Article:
Mars Gen One: Argubot Academy has a narrative of science, as the player is on a discovery mission and is forced to create “argubots” that are powered by the strands of strong argument claims and evidence. The player asks questions, explores the spaceship and then goes into “battle” against others with their argubots, seeing if their claims and evidence is strong enough to hold up to scrutiny. A teacher account allows you to track progress of students, and it charts out where strengths and weaknesses of the individual player/students are. That is all handy information.
I played the game a bit over the summer, when it was first released and promoted via NWP and Educator Innovator, and then again during the session, as Mat gave us an overview and tour of the game itself. I know a lot of teachers in the room were excited about. I have my slight reservations. First of all, my classroom does not have iPads, so for all practical purposes, the game is not in our future. I also found the game a bit too wordy, knowing my students as I do, although when I mentioned this is conversation with other teachers in the session, they disagreed with me. So, maybe it is my own perception. I am also not sure it would engage my students over multiple sessions, although Mat shared testimonials from teachers using the app, praising it as tool for engagement.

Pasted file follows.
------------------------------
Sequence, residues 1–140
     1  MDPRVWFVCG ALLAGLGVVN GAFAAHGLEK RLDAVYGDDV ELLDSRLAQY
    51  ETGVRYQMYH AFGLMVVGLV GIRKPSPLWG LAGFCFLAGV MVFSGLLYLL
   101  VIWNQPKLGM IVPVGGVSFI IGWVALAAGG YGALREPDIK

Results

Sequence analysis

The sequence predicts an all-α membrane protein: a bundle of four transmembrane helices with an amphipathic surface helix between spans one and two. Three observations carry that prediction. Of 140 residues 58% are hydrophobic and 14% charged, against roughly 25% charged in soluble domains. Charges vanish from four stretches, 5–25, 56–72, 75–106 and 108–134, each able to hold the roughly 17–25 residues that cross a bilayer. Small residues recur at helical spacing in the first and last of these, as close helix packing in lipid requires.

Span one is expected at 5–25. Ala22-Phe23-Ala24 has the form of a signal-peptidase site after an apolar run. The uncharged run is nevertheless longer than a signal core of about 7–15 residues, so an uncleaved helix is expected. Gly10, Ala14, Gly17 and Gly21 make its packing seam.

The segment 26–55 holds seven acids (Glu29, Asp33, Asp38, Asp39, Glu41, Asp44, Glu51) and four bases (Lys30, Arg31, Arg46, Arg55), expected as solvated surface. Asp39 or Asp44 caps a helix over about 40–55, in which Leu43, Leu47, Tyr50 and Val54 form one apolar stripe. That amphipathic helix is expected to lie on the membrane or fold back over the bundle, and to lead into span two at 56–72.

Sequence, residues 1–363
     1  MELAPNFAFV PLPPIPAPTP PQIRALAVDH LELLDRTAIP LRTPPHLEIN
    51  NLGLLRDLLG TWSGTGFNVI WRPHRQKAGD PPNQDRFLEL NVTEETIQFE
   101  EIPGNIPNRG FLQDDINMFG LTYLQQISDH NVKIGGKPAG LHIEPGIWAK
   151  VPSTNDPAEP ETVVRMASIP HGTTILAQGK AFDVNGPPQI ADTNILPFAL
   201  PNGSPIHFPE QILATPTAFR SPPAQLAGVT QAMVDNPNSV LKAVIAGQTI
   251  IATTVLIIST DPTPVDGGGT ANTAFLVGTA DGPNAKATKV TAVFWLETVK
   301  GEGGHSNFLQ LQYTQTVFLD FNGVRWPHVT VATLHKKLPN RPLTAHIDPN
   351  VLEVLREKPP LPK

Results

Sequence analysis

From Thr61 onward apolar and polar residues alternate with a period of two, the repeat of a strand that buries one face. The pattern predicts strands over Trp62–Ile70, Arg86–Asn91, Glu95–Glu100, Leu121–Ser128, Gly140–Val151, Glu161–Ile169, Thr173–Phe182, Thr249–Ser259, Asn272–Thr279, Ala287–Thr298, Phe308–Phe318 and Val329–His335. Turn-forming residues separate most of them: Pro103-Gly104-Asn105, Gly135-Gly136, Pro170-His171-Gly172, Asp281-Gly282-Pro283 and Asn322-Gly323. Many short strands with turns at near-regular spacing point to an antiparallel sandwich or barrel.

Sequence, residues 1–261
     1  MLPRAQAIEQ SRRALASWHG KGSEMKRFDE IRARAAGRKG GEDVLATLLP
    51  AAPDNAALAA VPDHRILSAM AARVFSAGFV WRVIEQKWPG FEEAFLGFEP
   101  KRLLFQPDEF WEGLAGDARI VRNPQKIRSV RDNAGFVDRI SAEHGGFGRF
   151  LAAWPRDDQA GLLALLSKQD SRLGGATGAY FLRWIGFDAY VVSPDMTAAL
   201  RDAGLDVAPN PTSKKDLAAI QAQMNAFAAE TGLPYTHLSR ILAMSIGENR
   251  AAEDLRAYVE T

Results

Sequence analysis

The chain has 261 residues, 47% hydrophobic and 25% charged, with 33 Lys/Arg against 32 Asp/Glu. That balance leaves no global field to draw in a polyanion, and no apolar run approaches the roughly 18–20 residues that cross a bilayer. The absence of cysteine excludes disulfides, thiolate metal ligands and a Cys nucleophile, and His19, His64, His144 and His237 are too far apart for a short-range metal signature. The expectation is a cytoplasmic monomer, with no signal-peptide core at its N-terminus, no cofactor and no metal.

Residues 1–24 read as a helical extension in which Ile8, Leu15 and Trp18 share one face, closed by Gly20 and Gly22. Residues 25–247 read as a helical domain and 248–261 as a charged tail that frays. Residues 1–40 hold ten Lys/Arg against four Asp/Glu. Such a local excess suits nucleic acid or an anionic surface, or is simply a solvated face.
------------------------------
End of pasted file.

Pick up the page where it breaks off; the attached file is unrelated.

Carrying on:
But, don’t listen to me. Give the app a try. It’s free, and a lot of thought has gone into the development. It might just work for you, particularly as we shift into higher gear away from persuasion and deep into argument. The game might be just the hook for your students.
My favorite comic app — Comics Head — just got a big update the other day, and now, it allows you to easily add audio to comics. You can then export to YouTube for sharing.
Peace (in the frame),
One of the many great activities that are included at the Hour of Code site (and there are many) is learning how to program/code your own Flappy Bird-style app game. You can even share it out for others play after you learn and make your own game.
My son also made his own version — Flappy Santa — and was very engaged and had to do some problem-solving. But he found success and when he learned he could publish it for others to play, he was highly motivated.
I am sharing this programming activity with my students this week, as it is a perfect companion to our video game design unit. I have also set up a Padlet site, where they are going to gather and collect each other’s games. I’ll share later …